Concrete psi is the standard measurement used for the compressive strength of concrete mixtures. A higher number means the concrete is stronger and will last longer. However, it can also be more expensive.
Concrete has a low tensile strength, which causes it to crack when undergoing tensile stress. To overcome this, it is reinforced with materials that have high tensile strength, such as steel.
High early strength concrete, also known as fast-track concrete, is a type of concrete that gains its specified strength at an earlier age compared to ordinary concrete. It can be developed by using certain concrete constituents, special admixtures, and concreting practices. This includes the use of type III Portland cement that reacts quicker, accelerating admixtures, ground granulated blast furnace slag, supplementary cementitious material, autoclave curing, and insulation of the concrete to retain heat of hydration.
The accelerated strength of high early concrete allows it to be used in cold weather conditions when other types of concrete would have to wait for the temperature to warm up. This can help to reduce construction costs and shorten the overall project schedule.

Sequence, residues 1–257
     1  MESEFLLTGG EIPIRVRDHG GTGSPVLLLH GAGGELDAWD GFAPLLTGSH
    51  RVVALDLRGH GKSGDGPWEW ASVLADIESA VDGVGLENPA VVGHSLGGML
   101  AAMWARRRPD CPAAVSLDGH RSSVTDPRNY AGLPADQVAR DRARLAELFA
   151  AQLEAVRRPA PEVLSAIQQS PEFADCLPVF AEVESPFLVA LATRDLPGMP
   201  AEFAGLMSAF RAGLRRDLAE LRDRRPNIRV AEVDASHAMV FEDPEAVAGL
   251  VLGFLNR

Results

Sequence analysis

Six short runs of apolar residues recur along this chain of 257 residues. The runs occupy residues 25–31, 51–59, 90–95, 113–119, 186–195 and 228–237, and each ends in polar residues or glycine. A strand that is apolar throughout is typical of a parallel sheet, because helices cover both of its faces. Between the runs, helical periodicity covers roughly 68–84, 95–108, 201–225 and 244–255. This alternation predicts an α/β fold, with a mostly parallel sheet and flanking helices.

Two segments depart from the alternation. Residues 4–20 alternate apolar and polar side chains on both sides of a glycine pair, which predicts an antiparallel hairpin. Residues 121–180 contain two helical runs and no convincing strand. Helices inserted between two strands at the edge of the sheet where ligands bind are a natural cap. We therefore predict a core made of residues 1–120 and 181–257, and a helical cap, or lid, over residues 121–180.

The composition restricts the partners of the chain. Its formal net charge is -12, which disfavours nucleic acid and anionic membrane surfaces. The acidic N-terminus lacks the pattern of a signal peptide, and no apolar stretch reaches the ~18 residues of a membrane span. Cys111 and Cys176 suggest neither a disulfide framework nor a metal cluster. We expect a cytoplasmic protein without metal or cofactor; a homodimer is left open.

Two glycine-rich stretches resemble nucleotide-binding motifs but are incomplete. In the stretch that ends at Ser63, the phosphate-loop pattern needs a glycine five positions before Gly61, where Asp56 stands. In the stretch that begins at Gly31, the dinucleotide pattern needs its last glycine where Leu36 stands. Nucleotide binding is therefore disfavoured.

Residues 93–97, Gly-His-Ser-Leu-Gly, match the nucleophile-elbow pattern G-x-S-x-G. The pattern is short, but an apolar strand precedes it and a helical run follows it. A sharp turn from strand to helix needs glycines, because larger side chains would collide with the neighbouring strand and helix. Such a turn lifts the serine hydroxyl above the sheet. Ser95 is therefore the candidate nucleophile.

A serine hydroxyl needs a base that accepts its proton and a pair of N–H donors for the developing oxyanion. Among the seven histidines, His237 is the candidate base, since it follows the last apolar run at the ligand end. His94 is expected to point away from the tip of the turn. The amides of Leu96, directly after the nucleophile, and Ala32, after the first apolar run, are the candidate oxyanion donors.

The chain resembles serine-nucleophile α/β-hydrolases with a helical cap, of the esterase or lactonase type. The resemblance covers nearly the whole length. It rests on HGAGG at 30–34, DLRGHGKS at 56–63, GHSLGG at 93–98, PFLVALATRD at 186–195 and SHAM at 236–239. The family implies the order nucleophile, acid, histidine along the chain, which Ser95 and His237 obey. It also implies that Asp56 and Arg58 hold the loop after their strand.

There are nine ways to increase the early strength of concrete but all but one of them is bad for durability. Increased cement fineness increases the early strength but it is a triple whammy: it leads to alkali-silica reaction (ASR), it degrades the morphology of the calcium silicate hydrate which decreases the strain capacity, and it makes the concrete more brittle which can cause cracking.
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